ALOHA readers of Smart Women Write! I am overjoyed to have the opportunity to connect with you and to write with a remarkable group of ladies on a regular basis.
I guess you could say that I stick out in terms of profile compared to the other ladies writing for Smart Women Write. You’re probably looking at my picture and thinking to yourself, “just how old is this girl anyways?” I am 20 years old (21 in a couple of months, woo!) living in a small town in southern New Hampshire.
As you can imagine, there is still a lot that I am figuring out in my life. With this being said, I feel as though I am at a pinnacle point in my life; I am beginning to now more than ever come to terms with the type of person I want to be in this vast world, a world where I am but a mere cog in the wheel.
After graduating high school, I attended Southern New Hampshire University (SNHU) for two years as an Elementary Education major with a certification in Special Education. Considering I was the only 10-year-old that I knew with her own overhead projector and 3-foot-long whiteboard with mountains of school workbook pages for my stuffed anim– I mean students – you could say that I had always imagined myself to become a teacher someday. Undeniable. Without a doubt.
After those two years, even before they were over, I felt the passion and the drive slowly continue to drain out of me. To say I was lost is an understatement. To begin to even fathom what else I may want to do with my life led to a complete meltdown… okay let’s be honest with one another here considering this is my first post, it led to multiple meltdowns. I was convinced that I was going to have no choice but to waitress the rest of my life.
I contemplated various other jobs and careers to pursue: massage therapist? Personal trainer? Professional dog walker?
I ended up taking a semester off and I found myself as an English major at The University of New Hampshire at Manchester (UNHM). English had always been my strongest subject throughout my academic life and growing up I was a complete bookworm. I was fond of writing and I knew that this major only required one math credit, (math = my worst nightmare) so I decided to give it a shot. I felt much more at ease and was able to stay comfortable for the semester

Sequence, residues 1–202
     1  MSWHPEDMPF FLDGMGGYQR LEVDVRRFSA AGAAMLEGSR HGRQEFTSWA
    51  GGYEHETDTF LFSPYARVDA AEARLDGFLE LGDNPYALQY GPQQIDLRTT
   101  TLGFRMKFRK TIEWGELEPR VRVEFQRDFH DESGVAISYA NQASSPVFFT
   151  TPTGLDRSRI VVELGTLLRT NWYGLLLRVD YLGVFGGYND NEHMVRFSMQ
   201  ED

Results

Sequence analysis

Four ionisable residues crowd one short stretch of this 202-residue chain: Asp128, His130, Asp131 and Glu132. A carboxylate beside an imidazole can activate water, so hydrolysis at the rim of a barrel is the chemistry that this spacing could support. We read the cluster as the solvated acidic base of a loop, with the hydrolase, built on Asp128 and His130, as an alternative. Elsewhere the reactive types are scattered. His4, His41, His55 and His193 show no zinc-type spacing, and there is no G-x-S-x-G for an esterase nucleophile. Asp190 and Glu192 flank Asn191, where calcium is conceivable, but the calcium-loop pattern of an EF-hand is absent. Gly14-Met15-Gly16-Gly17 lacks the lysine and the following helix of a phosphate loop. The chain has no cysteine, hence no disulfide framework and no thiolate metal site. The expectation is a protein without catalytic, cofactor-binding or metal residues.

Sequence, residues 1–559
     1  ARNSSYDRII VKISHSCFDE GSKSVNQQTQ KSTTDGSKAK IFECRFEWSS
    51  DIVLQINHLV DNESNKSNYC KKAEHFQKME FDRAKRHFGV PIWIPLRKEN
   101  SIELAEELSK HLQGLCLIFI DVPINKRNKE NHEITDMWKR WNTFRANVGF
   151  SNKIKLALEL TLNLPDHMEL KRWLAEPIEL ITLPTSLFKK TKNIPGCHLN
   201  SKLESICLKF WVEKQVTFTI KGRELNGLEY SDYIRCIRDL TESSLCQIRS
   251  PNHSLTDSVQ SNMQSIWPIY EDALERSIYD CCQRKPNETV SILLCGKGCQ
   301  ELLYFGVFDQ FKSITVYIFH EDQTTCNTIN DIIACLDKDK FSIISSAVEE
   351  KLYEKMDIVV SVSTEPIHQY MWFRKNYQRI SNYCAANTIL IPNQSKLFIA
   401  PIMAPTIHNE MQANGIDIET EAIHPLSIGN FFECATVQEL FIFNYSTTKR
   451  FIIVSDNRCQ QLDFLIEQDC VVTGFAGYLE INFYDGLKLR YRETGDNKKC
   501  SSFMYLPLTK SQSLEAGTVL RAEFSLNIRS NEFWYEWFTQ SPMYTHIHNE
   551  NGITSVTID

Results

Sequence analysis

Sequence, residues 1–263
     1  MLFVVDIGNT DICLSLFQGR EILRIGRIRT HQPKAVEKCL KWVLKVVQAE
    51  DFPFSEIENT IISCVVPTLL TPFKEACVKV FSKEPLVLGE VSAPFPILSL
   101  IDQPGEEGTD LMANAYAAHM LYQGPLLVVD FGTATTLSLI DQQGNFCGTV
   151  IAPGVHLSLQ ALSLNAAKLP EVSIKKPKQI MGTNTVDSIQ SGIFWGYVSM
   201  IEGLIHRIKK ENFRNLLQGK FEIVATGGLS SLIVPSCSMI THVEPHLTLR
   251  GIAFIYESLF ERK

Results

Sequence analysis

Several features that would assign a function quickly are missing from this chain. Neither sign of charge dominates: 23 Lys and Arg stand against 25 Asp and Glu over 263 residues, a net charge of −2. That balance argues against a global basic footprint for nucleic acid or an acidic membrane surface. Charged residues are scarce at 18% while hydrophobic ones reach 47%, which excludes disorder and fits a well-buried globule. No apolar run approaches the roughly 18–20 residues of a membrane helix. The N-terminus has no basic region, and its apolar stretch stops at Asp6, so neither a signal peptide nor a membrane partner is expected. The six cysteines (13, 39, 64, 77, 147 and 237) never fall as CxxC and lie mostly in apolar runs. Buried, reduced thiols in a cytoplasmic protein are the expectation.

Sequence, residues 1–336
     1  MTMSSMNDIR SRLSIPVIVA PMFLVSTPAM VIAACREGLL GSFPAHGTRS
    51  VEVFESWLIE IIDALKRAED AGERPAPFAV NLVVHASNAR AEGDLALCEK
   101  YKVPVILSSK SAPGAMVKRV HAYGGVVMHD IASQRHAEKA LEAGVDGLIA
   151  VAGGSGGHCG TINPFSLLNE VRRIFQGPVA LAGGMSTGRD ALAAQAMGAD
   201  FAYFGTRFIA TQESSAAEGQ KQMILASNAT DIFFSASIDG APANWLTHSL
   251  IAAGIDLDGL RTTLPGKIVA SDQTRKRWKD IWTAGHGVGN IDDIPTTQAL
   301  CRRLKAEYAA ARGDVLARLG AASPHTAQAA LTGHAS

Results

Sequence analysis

Question: Does being comfortable inhibit us to lurk in the shadows, neglecting to show our most true and authentic selves to the world and, let’s face it, show that self to ourselves? Stagnancy literally means a lack of development, to be sluggish or dull. Don’t get me wrong, I thoroughly enjoyed my semester spent at UNHM. I made a promise to myself at the beginning to have more of a voice among my peers and my community and I pushed myself like I never have before. I was a full-time student, waitressing part-time, a writer for the schools’ newspaper, The Manchester Independent, a member of the Literature Club, while simultaneously actively completing a journalism internship for The Borgen Project (which I am presently still completing) and applying for Smart Women Write. This list does not entail my homely duties and motherly duties (to my rambunctious pups) and implementing (sparingly) the things that filled my soul and kept me sane such as cooking, yoga, and the gym.
My point is, yes, I was busy – but I was also wrapped up in this safety blanket every night knowing that I was “doing the right thing” by going after a bachelor’s degree. You see, I came to realize the dangers of comfortability and stagnancy. When you depend too heavily on these states of being, you are closing yourself off to your own true self. You are hindering your life due to fear and doubt by not unwrapping yourself from that familial consoling blanket and taking your first steps to a true self-awakening.